An independent poll of 518 Veterans, conducted by Veteran Voices For Fibromyalgia from August 7th, 2023 – September 7th, 2023, found the following:
Of the 518 Veterans polled, 62% of Veterans reported their VA Medical Provider either did not connect for their scheduled Telehealth appointment, or the VA Medical Provider cancelled their Telehealth appointment at last minute.
Further of the 518 Veterans polled, 52% reported they needed medication refills, and as a result of their VA Medical Provider either missing or cancelling their Telehealth or in person medical appointment at last minute, they ran out of medications.
Connectively issues of medical telehealth appointments leads to reduced overall health and wellness, especially when VA Providers do not follow up by
Mental Health Admin Support Staff do not always assist Veterans to circumvent issues such as needing medication refills.
For Mental Health appointments, no engagement by the assigned Provider of the Veteran to check mental health status, diminishes the therapeutic relationship between Veteran and Medical Provider
Other than rescheduling their appointment when a provider misses a telehealth appointment, there is seemingly no protocol or “back up” plan in place, to follow up with the Veteran, to ensure continuity of care and/or identify any immediate medical needs of the
Connectivity issues with VA Telehealth appointments leads to reduced continuity of care for Veterans. This in turn can lead to reduced health outcomes for the Veteran. In addition, this diminishes the Veteran's trust in the VA Healthcare System. Moreover, this can negatively impact a Veteran's overall physical and/or mental health which can increase risk of death or suicide.
IDENTIFIED INTERIM SOLUTIONS:
When possible, the Medical Provider should call the Veteran to conduct the appointment via phone.
When a provider is in-office providing telehealth medical appointments, the department must have “back-up” laptops on site, so a provider can sign out a laptop to use for the day, to ensure delivery of telehealth appointments and continuity of
If the first 2 options are not possible, if there is another healthcare provider available in the department, the Veteran should be connected to that provider to ensure continuity of care, mental health crisis assessment, and medical need assessment i.e. medication refills, answer immediate medical concerns, etc.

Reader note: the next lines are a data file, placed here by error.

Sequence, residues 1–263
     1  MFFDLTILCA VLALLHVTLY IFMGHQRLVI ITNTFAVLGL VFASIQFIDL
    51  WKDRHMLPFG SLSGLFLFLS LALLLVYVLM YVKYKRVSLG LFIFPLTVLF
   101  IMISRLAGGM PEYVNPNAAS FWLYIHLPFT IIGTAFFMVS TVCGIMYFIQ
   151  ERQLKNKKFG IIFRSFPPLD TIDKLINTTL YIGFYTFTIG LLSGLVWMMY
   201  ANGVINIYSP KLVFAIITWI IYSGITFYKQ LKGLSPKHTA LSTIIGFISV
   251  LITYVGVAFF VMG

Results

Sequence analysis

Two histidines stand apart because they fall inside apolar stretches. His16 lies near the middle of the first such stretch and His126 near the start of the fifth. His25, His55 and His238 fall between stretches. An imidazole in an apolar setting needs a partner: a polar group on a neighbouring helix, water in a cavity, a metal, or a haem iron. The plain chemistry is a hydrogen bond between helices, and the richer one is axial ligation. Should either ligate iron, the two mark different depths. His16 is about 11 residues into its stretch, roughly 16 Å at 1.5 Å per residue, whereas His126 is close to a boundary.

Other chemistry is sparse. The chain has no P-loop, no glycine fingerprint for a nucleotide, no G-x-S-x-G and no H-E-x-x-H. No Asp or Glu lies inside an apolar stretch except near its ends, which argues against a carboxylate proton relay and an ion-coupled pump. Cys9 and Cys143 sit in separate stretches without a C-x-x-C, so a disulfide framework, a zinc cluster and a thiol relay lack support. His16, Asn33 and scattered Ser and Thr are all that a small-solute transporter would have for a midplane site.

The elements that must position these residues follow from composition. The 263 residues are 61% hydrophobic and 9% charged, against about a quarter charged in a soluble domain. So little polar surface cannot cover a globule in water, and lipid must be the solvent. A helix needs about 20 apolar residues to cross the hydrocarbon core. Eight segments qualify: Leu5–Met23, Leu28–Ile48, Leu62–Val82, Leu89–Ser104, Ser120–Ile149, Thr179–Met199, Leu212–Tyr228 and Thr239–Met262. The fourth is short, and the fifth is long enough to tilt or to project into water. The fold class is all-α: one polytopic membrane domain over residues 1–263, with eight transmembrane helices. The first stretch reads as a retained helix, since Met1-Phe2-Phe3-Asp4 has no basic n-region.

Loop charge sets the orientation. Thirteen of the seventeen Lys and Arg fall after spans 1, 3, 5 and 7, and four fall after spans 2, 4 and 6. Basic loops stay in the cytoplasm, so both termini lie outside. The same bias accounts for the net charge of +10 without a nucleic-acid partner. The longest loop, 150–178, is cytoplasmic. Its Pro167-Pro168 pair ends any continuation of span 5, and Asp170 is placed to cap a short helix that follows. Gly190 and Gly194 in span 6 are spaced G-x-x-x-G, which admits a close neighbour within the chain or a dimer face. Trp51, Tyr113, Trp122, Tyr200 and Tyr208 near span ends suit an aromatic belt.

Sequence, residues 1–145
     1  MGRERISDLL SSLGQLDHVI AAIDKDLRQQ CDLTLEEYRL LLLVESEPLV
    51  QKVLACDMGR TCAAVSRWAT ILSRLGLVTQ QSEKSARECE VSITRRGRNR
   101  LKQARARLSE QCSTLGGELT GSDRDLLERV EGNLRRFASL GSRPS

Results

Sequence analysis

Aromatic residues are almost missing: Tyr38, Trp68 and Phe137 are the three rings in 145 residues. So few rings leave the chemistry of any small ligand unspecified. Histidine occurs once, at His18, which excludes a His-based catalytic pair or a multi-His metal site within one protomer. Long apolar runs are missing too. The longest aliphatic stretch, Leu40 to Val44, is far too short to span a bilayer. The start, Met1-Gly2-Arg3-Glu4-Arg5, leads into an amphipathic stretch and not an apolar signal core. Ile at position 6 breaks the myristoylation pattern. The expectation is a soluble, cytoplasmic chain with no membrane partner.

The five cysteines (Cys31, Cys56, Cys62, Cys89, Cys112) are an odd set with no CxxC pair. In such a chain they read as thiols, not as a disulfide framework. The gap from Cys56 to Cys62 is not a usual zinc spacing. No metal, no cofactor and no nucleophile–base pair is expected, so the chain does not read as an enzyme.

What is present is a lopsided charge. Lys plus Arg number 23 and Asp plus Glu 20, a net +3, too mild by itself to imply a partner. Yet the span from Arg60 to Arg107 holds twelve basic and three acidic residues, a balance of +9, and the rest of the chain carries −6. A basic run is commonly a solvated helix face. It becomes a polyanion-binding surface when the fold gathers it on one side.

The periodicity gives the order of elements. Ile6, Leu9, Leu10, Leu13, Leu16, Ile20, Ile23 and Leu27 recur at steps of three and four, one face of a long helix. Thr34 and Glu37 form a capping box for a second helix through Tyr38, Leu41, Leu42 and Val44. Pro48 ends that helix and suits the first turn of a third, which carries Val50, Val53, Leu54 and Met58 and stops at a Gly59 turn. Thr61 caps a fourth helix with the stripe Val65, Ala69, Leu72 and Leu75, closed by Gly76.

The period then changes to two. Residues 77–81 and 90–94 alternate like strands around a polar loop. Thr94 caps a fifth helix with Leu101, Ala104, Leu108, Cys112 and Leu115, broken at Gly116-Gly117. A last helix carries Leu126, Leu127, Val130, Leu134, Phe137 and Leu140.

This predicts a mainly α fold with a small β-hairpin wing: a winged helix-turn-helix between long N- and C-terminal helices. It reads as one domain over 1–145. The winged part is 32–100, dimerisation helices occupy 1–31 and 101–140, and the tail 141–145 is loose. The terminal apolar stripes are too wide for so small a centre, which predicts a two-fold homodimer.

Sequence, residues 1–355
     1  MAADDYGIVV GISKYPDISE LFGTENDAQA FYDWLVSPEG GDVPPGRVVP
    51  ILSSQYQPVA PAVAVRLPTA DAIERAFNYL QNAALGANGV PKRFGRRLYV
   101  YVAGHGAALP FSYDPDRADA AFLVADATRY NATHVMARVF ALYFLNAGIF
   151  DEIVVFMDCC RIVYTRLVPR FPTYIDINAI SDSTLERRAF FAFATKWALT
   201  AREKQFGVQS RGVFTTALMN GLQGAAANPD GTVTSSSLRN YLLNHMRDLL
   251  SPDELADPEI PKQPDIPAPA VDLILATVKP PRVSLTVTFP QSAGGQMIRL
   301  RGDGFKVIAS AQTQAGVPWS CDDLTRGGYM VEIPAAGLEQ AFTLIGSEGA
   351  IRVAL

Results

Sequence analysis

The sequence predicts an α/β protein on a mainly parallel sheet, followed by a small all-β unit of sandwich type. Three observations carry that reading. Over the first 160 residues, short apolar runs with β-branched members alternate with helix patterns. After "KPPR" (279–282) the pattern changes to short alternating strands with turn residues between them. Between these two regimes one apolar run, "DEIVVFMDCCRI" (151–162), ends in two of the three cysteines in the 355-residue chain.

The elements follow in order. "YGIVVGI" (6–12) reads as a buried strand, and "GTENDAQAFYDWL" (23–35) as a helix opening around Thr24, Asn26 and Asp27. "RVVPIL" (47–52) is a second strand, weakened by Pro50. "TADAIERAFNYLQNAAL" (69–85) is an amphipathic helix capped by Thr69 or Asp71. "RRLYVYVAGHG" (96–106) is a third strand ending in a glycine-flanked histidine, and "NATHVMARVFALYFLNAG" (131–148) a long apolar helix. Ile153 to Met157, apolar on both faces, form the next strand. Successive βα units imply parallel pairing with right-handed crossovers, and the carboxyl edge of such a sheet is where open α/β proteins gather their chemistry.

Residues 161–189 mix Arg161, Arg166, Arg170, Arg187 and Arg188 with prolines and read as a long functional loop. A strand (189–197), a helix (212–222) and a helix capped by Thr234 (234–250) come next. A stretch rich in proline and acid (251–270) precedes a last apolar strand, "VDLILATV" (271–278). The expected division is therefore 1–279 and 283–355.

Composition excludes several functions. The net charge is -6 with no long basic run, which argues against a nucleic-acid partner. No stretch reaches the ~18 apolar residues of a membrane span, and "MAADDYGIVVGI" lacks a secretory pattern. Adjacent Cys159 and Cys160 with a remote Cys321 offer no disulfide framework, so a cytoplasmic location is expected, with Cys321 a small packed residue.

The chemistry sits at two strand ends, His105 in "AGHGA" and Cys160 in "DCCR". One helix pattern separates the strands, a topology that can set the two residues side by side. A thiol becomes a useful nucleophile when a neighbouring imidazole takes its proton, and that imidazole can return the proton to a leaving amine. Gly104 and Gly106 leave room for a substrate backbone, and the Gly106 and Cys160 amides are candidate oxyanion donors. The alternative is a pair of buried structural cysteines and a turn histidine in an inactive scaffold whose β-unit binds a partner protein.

(Non-Primary Care Appointments) If the Mental Health provider is unable to connect or call the Veteran, and the Veteran is in need of medication refills, the Dept. Admin Support staff should request another prescriber within the department, to assist the Veteran to obtain medication refills.
Non-Primary Care appointments) If there is not another Mental Health prescriber within the department, VHA staff should assist the Veteran, by messaging their Primary Care Team, requesting a refill of the Veteran’s mental health medications.
Create MACT Teams, similar to PACT Teams in Primary Care Departments, comprised of a Mental Health Licensed Prescriber (Psychiatrist/APN), a Therapist (if assigned), a Mental Health Nurse, a Mental Health Case Worker, and/or Mental Health Peer Support Specialist, for added mental health support for Veterans, help mitigate issues with access to care, identify the immediate needs of the Veteran, promote continuity of care. and improve Mental Health outcomes for both Veterans and VA Healthcare
The VA Healthcare system as a whole, needs to upgrade their technology and their connectivity provider, to reduce issues with failure to provide medical care via Telehealth Medical Care.
In closing, neither the Veteran Health Administration nor Congress can bury their heads in the sand and ignore this problem. Both the Veteran Health Administration and Congress need to cohesively work together to address this ongoing problem. They need to conduct a national poll to identify the prevalence of this issue and create a strategic plan to resolve the systemic problems with the delivery of the VHA Telehealth Medical Services.
Written by Kristal Kent - Disabled Army Veteran, Founder of Veteran Voices For Fibromyalgia, and Humanist